ironworker career

Industry Outlook for Ironworkers

ironworker career

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Good starting salaries and a projected job growth that’s faster than average can make ironworking a good career choice for those with the right training and qualifications. As the nation’s bridges and highways age, demand will increase for those with the skills needed to build and maintain America’s infrastructure. 1

What Does an Ironworker Do?

Ironworkers help reinforce bridges, roads, and buildings. They are the men and women who build the steel and iron framework that supports this type of construction. They often work high up in the air and lift and maneuver heavy pieces of metal, such as beams and girders. They fasten structures together using bolts or welds, and they cut through metals with lasers or special shears. Together, these tradespeople constructed the buildings, bridges, and monuments that define the modern American landscape.

As an Ironworker, you’ll use tools like soldering irons, metal shears, and rod-binding machines to cut, bend, and weld iron and steel. You’ll read layouts and blueprints, connect iron and steel with wire, bolts, or welds, and you may be responsible for directing crane operators to help them position heavy materials safely. 2

What Is the Industry Outlook for Ironworkers?

The Bureau of Labor Statistics reports a median national salary of $49,970 per year for Ironworkers as of 2015. Projected overall job growth rates for Ironworkers are 9 percent through 2024 faster than average. 3 The title of Ironworker is broad, and many specialties fit in to this category some with much faster growth rates than others. For instance, the highest job growth, up to 23 percent, will fall to Reinforcing Iron and Rebar Workers (47-2171). The category of Ironworkers also includes Structural Iron and Steel Workers (47-2221), a career that has a median annual wage of $50,490 as of 2015. 4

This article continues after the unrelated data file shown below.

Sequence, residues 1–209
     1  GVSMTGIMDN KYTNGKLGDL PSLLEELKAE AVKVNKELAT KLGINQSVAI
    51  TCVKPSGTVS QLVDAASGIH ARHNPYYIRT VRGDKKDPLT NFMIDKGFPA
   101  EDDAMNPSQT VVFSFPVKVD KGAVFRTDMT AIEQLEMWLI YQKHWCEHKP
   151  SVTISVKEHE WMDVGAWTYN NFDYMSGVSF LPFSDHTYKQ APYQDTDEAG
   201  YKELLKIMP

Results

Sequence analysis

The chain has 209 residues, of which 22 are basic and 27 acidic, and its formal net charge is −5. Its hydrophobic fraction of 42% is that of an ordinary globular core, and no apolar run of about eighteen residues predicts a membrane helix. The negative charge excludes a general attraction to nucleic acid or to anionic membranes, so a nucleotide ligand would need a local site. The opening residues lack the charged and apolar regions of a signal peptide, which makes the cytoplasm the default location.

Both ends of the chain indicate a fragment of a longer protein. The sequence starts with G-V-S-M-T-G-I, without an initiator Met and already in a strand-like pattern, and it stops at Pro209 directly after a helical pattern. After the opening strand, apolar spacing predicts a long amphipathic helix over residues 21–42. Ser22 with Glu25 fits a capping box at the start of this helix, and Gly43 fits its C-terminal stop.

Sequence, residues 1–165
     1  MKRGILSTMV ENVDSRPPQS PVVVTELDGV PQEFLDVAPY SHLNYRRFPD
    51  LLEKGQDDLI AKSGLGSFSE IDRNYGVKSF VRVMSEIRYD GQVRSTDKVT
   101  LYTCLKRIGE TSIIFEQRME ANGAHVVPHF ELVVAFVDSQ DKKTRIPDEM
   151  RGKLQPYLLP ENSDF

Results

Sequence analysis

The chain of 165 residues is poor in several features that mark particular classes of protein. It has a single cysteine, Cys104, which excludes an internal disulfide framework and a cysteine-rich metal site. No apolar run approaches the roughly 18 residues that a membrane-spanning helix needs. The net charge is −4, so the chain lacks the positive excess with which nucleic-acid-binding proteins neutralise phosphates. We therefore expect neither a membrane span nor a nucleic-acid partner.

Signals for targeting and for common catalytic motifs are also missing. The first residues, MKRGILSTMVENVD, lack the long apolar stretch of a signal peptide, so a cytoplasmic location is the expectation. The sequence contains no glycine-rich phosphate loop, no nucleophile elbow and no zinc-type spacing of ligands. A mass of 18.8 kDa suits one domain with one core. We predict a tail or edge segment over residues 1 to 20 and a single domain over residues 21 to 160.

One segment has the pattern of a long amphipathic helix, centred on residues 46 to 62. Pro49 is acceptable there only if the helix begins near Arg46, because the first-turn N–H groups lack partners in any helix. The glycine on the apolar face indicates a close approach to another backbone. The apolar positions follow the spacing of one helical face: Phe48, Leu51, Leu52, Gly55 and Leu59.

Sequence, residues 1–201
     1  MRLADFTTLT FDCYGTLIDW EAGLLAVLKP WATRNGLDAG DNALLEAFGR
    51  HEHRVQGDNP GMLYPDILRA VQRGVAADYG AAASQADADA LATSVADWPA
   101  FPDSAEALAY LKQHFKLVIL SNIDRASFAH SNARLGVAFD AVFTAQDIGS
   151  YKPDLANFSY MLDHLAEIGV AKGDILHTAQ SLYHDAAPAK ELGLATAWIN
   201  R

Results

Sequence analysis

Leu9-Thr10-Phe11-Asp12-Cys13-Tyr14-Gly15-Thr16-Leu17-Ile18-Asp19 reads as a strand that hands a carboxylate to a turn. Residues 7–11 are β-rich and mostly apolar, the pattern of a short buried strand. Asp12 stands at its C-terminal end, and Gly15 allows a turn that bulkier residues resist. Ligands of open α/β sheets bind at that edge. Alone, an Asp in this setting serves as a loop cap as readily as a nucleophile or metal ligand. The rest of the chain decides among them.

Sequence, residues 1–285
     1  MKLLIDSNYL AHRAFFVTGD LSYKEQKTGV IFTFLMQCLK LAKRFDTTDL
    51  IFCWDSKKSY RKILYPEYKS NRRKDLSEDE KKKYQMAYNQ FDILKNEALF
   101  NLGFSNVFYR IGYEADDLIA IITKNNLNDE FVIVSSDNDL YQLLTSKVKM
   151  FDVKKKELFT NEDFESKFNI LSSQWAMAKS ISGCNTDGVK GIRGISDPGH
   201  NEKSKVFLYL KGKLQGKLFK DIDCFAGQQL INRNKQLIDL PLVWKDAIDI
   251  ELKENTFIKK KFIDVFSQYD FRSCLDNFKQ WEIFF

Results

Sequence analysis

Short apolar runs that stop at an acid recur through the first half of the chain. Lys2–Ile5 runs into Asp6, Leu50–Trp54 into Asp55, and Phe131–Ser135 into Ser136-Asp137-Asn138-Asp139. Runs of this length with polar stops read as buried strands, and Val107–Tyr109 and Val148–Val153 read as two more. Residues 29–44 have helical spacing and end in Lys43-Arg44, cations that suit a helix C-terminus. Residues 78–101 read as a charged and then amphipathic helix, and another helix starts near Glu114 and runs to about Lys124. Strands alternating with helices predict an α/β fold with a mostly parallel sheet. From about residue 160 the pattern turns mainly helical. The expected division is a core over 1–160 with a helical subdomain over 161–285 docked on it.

How Do You Become an Ironworker?

Graduating from high school or obtaining a GED is the first step toward becoming an Ironworker. Taking courses in math and getting welding training  will be beneficial according to the Bureau of Labor Statistics. You could also increase your employability as an Ironworker by pursuing certifications in crane signaling, welding, and rigging, and by being willing to work in larger metropolitan areas. 4

Have You Considered a Career in Welding or HVAC?

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If you have already decided on learning a skilled trade, a career in ironworking may be a solid choice. A highly regarded and respected profession since at least the late 1800s, Ironworkers—or “cowboys in the sky”—have a long and tenured reputation for helping to build the foundation of America. 5

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